At that continued rate, the researchers project, the girls who supplementtheir calcium could have 6 percent greater bone density by age 18, thereby reducing the risk of fractures in old age.
"What we've found is that the best time to concentrate on calcium intake and skeletal health is when people are younger, not older," said Tom Lloyd, professor of obstetrics, gynecology and pharmacology at Penn State's College of Medicine and head of the research team.
"The most cost-effective treatment for osteoporosis is prevention," he said. He said that medical costs connected with it now ran about $12 billion a year.
The teenage years, Lloyd said, are particularly critical because the hormones released during puberty increase the rate at which bones are built. About 95 percent of the skeleton's maximum strength is achieved between the ages of 2 and 18, he said.
The 18-month study, funded by the National Institutes of Health, is the first long-term look at bone building during adolescence, Lloyd said.
For the study, half of a group of 94 girls received an average of 350 milligrams of extra calcium (equal to one calcium-rich food serving) per day, bringing their average daily intake to about 1,400 milligrams.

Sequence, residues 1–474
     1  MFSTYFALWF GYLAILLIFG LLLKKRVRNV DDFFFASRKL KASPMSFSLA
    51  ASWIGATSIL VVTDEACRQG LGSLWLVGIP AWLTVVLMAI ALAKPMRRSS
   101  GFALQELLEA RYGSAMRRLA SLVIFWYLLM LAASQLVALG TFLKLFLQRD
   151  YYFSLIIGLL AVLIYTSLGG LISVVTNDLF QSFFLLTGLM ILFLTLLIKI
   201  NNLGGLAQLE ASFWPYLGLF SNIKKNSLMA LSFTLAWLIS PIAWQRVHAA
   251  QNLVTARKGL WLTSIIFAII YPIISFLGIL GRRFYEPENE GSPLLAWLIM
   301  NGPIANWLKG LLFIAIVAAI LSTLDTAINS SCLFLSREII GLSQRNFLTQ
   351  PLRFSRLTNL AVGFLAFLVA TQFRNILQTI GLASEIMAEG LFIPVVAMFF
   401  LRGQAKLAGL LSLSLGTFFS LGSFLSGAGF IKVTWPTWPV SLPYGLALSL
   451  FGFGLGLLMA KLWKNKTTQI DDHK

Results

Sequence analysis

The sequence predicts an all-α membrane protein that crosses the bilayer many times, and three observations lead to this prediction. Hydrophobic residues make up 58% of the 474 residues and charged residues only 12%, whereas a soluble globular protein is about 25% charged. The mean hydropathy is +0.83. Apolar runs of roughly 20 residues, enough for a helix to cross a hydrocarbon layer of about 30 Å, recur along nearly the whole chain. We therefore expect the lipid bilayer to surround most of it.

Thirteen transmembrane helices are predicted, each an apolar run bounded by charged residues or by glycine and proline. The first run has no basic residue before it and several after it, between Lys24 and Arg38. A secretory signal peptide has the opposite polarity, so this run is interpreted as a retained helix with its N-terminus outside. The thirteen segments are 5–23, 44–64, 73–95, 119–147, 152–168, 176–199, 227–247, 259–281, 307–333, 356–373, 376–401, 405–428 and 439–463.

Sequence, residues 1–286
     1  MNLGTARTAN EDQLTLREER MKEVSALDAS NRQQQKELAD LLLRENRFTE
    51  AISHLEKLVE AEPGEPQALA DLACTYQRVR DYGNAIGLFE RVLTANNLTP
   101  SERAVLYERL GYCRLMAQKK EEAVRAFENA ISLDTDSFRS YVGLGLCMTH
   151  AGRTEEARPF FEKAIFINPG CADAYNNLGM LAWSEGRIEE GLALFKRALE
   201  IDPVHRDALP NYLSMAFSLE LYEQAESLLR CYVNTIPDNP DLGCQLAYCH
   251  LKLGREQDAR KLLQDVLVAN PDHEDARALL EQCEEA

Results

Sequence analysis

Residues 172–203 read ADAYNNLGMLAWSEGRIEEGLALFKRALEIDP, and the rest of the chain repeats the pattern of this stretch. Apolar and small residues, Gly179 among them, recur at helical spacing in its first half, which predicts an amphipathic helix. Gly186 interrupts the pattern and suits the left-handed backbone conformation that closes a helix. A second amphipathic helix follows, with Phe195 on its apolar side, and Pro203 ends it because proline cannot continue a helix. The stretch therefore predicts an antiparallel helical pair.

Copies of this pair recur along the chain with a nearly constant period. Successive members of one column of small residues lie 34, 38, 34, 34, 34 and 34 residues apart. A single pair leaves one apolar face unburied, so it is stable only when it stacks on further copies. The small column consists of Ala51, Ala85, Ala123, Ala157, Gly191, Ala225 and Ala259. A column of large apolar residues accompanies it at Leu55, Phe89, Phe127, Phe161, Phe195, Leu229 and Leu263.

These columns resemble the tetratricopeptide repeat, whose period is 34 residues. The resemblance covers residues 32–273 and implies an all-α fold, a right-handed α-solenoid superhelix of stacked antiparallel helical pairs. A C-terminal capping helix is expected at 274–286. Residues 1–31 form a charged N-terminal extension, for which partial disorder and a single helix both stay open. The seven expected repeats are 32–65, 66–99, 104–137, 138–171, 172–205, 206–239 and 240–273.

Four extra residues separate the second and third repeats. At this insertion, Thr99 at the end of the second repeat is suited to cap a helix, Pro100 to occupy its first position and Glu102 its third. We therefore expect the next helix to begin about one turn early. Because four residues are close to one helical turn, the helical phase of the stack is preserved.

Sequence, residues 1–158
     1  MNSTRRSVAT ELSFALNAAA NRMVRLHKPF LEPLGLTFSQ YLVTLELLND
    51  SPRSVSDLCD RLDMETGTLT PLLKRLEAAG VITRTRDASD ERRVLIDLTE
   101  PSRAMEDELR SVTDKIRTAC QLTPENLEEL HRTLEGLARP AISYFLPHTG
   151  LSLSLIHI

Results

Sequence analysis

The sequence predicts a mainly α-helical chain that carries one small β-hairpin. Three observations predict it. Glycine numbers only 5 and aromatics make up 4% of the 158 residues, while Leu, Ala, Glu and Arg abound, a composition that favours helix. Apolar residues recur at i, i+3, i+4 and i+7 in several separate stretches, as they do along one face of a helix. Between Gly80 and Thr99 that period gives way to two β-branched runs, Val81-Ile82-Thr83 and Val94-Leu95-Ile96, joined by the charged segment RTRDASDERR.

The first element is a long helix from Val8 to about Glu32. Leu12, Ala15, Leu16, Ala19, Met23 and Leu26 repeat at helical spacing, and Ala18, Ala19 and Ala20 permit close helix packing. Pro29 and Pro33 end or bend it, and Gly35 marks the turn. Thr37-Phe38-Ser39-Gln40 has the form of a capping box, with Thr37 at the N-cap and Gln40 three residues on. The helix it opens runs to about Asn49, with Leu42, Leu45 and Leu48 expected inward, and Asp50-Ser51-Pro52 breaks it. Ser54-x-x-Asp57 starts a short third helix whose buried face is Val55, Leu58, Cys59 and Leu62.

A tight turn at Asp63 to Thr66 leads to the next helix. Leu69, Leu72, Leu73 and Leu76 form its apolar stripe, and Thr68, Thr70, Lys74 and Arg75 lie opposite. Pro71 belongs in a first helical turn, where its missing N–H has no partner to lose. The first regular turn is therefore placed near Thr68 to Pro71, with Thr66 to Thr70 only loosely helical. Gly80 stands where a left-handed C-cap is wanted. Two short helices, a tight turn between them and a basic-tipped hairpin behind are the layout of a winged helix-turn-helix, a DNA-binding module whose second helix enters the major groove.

The other half received placebos, but their dietary calcium intake was close to the 1,200-milligram recommended dietary allowance (RDA) for this age level. Quantitative skeletal measurements were made with a bone densitometer.
According to the researchers, one extra calcium serving per day is especially important for the majority of youth - 87 percent of teenage girls and 70 percent of teenage boys - who fall short of meeting even the RDA.
The supplement used in the study was calcium citrate malate, a soluble and readily absorbed form of calcium used to fortify some fruit juice drinks.